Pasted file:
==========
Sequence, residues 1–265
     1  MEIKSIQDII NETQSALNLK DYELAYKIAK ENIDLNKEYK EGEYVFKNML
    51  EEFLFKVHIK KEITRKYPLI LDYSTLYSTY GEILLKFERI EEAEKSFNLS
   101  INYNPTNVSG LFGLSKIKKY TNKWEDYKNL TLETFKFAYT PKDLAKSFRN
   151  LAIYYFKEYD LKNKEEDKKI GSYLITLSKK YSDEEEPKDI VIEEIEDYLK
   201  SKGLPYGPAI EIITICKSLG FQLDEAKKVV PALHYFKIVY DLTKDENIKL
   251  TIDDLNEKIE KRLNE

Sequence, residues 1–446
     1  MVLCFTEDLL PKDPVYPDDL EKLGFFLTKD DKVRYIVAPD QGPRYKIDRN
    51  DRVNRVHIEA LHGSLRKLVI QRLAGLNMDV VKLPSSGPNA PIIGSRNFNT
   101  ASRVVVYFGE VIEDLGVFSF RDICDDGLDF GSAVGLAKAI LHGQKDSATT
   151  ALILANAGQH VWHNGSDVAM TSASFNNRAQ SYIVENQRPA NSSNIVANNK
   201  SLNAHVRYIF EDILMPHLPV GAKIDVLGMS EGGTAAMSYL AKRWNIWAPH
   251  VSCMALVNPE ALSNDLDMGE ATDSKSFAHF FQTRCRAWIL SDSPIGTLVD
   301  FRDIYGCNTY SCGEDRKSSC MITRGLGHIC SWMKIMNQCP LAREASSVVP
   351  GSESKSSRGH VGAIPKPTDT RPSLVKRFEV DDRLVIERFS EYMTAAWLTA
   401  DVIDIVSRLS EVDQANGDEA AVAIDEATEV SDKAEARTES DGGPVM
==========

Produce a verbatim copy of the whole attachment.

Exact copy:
Sequence, residues 1–265
     1  MEIKSIQDII NETQSALNLK DYELAYKIAK ENIDLNKEYK EGEYVFKNML
    51  EEFLFKVHIK KEITRKYPLI LDYSTLYSTY GEILLKFERI EEAEKSFNLS
   101  INYNPTNVSG LFGLSKIKKY TNKWEDYKNL TLETFKFAYT PKDLAKSFRN
   151  LAIYYFKEYD LKNKEEDKKI GSYLITLSKK YSDEEEPKDI VIEEIEDYLK
   201  SKGLPYGPAI EIITICKSLG FQLDEAKKVV PALHYFKIVY DLTKDENIKL
   251  TIDDLNEKIE KRLNE

Sequence, residues 1–446
     1  MVLCFTEDLL PKDPVYPDDL EKLGFFLTKD DKVRYIVAPD QGPRYKIDRN
    51  DRVNRVHIEA LHGSLRKLVI QRLAGLNMDV VKLPSSGPNA PIIGSRNFNT
   101  ASRVVVYFGE VIEDLGVFSF RDICDDGLDF GSAVGLAKAI LHGQKDSATT
   151  ALILANAGQH VWHNGSDVAM TSASFNNRAQ SYIVENQRPA NSSNIVANNK
   201  SLNAHVRYIF EDILMPHLPV GAKIDVLGMS EGGTAAMSYL AKRWNIWAPH
   251  VSCMALVNPE ALSNDLDMGE ATDSKSFAHF FQTRCRAWIL SDSPIGTLVD
   301  FRDIYGCNTY SCGEDRKSSC MITRGLGHIC SWMKIMNQCP LAREASSVVP
   351  GSESKSSRGH VGAIPKPTDT RPSLVKRFEV DDRLVIERFS EYMTAAWLTA
   401  DVIDIVSRLS EVDQANGDEA AVAIDEATEV SDKAEARTES DGGPVM